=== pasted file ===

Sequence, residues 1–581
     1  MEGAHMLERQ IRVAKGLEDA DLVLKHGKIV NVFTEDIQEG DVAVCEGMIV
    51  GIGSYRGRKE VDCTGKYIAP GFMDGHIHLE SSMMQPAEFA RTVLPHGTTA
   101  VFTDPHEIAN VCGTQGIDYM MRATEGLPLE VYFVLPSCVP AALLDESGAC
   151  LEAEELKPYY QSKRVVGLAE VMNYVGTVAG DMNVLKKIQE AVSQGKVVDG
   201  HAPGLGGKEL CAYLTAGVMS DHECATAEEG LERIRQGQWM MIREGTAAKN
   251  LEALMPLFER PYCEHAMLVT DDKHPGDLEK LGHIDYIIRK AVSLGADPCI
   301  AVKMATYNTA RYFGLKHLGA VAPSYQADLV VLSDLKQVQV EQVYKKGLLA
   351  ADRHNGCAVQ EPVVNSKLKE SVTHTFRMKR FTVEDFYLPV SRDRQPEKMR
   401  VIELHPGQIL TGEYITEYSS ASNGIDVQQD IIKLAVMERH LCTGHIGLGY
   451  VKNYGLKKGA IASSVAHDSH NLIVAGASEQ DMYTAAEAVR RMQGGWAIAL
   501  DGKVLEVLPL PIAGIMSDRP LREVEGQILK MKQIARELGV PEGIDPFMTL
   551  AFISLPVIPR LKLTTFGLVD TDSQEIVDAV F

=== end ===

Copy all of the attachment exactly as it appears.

Sequence, residues 1–581
     1  MEGAHMLERQ IRVAKGLEDA DLVLKHGKIV NVFTEDIQEG DVAVCEGMIV
    51  GIGSYRGRKE VDCTGKYIAP GFMDGHIHLE SSMMQPAEFA RTVLPHGTTA
   101  VFTDPHEIAN VCGTQGIDYM MRATEGLPLE VYFVLPSCVP AALLDESGAC
   151  LEAEELKPYY QSKRVVGLAE VMNYVGTVAG DMNVLKKIQE AVSQGKVVDG
   201  HAPGLGGKEL CAYLTAGVMS DHECATAEEG LERIRQGQWM MIREGTAAKN
   251  LEALMPLFER PYCEHAMLVT DDKHPGDLEK LGHIDYIIRK AVSLGADPCI
   301  AVKMATYNTA RYFGLKHLGA VAPSYQADLV VLSDLKQVQV EQVYKKGLLA
   351  ADRHNGCAVQ EPVVNSKLKE SVTHTFRMKR FTVEDFYLPV SRDRQPEKMR
   401  VIELHPGQIL TGEYITEYSS ASNGIDVQQD IIKLAVMERH LCTGHIGLGY
   451  VKNYGLKKGA IASSVAHDSH NLIVAGASEQ DMYTAAEAVR RMQGGWAIAL
   501  DGKVLEVLPL PIAGIMSDRP LREVEGQILK MKQIARELGV PEGIDPFMTL
   551  AFISLPVIPR LKLTTFGLVD TDSQEIVDAV F